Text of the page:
If you or your loved one is a surviving child or spouse, you might be eligible for a lump-sum payment from the Social Security Administration.
Like with the VA benefits, there are specific eligibility requirements for this payment. However, having some extra cash to put towards funeral expenses is always welcome.
13. Choose a low-cost plot
There is often some variation in the cost of burial plots. Real estate really is everything. When talking to the cemetery director, ask about low-cost burial plots. While this depends on the specific location, it never hurts to ask.
14. Supply your own flowers
Flowers are often a large part of the funeral. These flowers range in symbolism, and they add a touch of color and life to any event. However, you don’t need to go overboard with these flowers if you’re looking to keep costs down.
All of those arrangements add up quickly. Instead of getting your flowers through the funeral home, go to a local florist. It’s also common for guests to gift flowers to the funeral home for the service.
15. Bring your own clothing
If you’re burying the deceased, it’s common to dress them well. While the funeral home has clothing for this purpose, you don’t need to use the ones they provide.
You can always bring your own burial clothing to save on this cost. Why not dress your loved one in his or her favorite outfit?
16. Research assistance programs
There are a number of federal, state, and local assistance programs. These aim to make funerals more affordable.
While there’s no guarantee you’ll qualify for assistance, it doesn’t hurt to search for grant or aid programs in your area.
17. Create your own invites and thank you cards
Invites and funeral thank you cards are a memento in themselves. While you can find these at almost any card store, they’ll cost you a pretty penny. Instead, make your own invites and thank you cards for the funeral.
You can easily create these using free online templates or programs. If you’re skilled with penmanship, you might even craft them by hand. This is a much more personal (and affordable) way to reach out to loved ones.
18. Don’t cater
While serving a meal or small plates for guests after the funeral is a great way to bring people together, you don't have to splurge on a fancy meal.
Why not cook some favorites at home or ask guests to bring a few plates? A potluck keeps the focus on the family, and it’s much less expensive than a catered event.
It’s not uncommon for families to crowdfund to raise money for the funeral. If you or your family are struggling to afford the service, starting a digital fundraiser is a way to invite others to help in your time of need.
20. Limit your invites
A large funeral isn’t the only way to prove a life well-lived. Inviting only close family to the service or memorial keeps the entire event intimate and personal. Reflecting and mourning with close friends and family keeps costs low while also focusing on the deceased.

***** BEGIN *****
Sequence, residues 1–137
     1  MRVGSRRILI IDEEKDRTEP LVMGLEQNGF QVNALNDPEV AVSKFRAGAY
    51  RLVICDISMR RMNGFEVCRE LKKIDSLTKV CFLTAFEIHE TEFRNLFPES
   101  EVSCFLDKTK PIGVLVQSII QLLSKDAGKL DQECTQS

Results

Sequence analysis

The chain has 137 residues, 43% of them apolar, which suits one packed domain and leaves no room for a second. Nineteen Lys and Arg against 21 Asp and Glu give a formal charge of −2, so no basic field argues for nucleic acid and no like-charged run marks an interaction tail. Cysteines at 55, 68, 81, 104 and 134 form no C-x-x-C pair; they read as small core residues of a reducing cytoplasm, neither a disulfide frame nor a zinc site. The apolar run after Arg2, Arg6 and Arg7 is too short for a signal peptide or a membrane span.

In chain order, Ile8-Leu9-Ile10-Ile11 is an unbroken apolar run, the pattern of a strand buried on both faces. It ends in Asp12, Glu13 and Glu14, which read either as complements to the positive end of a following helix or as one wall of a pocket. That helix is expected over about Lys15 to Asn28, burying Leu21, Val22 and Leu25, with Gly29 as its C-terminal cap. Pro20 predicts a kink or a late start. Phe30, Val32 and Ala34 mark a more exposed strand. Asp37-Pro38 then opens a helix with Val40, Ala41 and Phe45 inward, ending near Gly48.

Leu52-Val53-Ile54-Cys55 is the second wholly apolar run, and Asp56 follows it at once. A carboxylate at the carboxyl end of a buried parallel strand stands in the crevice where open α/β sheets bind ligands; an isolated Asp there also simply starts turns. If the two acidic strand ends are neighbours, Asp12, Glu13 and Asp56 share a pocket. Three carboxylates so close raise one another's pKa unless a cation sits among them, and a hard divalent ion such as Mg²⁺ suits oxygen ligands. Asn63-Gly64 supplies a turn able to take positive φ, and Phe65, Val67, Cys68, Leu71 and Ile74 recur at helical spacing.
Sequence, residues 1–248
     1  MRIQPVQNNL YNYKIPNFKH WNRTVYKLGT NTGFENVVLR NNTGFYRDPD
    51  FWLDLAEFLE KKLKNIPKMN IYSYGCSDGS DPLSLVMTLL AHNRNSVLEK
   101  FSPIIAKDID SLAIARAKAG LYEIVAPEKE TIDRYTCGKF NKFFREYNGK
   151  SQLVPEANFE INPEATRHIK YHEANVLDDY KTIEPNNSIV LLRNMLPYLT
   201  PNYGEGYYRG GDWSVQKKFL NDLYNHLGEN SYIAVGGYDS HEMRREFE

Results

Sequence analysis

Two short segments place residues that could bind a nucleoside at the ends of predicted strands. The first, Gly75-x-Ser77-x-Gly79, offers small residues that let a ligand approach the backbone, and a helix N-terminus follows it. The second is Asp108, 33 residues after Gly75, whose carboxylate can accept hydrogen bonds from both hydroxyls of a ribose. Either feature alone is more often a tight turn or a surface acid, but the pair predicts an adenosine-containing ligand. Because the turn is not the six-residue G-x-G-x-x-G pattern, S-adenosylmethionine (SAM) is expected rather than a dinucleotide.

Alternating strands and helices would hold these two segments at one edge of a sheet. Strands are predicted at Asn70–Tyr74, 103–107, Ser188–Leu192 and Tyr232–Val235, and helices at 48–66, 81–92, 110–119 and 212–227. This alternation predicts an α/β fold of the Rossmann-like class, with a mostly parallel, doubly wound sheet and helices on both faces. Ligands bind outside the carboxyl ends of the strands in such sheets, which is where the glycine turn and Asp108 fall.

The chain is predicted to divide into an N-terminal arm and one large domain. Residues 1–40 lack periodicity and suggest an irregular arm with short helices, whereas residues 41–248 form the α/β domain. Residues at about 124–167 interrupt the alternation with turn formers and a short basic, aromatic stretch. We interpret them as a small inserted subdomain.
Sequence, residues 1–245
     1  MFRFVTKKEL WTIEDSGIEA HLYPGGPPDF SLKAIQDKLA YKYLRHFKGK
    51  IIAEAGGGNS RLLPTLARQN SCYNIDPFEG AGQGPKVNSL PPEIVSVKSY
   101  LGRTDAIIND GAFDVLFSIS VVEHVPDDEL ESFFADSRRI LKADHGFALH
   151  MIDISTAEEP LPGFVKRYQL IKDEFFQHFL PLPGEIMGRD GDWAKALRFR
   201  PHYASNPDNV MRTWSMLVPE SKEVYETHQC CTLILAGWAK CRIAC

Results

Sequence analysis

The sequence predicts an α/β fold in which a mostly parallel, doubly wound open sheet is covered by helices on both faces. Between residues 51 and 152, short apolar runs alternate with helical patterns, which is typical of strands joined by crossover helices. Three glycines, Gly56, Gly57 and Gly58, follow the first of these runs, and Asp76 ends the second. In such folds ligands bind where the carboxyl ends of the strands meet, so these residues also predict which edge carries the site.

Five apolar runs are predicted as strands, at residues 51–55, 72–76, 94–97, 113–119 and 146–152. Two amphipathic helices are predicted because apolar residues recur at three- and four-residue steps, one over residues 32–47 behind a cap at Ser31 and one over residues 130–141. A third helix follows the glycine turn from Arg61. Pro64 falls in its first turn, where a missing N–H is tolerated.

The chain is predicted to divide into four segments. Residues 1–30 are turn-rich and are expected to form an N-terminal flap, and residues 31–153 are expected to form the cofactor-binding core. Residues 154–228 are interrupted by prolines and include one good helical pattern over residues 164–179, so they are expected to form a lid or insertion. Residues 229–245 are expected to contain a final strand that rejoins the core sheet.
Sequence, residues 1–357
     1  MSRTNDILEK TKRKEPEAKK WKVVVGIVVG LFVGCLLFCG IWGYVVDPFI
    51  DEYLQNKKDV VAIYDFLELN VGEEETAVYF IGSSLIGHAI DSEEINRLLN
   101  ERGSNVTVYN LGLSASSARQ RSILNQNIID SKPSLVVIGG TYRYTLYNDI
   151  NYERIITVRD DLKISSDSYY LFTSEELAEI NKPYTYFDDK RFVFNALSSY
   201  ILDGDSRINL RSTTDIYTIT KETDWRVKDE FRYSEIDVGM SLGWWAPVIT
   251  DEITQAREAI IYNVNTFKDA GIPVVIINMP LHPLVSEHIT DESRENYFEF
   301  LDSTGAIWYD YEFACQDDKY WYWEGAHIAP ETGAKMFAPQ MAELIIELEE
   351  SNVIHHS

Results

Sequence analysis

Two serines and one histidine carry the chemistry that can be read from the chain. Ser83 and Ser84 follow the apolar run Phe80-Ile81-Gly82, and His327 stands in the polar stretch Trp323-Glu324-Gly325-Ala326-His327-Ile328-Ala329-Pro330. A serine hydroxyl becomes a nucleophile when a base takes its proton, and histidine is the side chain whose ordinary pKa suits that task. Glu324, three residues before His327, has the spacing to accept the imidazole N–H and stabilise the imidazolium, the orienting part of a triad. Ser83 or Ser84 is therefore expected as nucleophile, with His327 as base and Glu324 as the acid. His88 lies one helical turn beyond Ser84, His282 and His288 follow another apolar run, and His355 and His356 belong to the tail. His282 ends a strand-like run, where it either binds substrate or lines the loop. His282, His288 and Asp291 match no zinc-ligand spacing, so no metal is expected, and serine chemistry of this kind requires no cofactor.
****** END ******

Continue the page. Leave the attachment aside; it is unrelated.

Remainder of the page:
While funeral homes aren’t car dealerships, you are allowed to negotiate. The funeral director isn’t guaranteed to accept your push for a lowered price, but it is still within your right to ask. Don’t be afraid to speak openly about your budget and limitations.
22. Choose a funeral alternative
Common funeral alternatives include celebrations of life, tree planting ceremonies, or even outdoor activities.
These are personal, inexpensive ways to bond with your family after the death of a loved one. There are no rules, and you’re free to choose any type of event that feels right to you.
23. Make a budget
It’s easy to feel rushed into making a decision, especially if you’re planning an unexpected funeral. To help avoid any poor financial choices, make a budget and stick to it.
Present your budget to the funeral home to make sure you don’t go over what you’re comfortable with.
34. Keep it simple
Funerals don’t need to be extravagant events. The main focus of the service is to reflect on the life and impact of the deceased. This doesn’t require a lot of glamour to accomplish.
Keeping the service simple is the best way to keep funeral costs low. Not only will you just choose the things you need, but you ensure the day is all about the deceased.
25. Pre-plan in advance
The best way to keep costs low is to start planning early. While it’s not always easy to think about your own demise, the more thought you give to this process, the better. If you fail to prepare, this burden falls to your family members.
Creating a funeral plan and fund is the best way to avoid any worry about funeral costs. When you and your loved ones know what to expect, everyone feels better.
Cut Funeral Costs with Confidence
The process of planning a funeral is often complicated, but it doesn’t have to be expensive. While it might not seem possible to pay for a funeral with little money, you have more flexibility than you think.
The funeral is a chance to find support as a family and offer your final goodbyes to the one who died. Both of these are possible no matter the size of your budget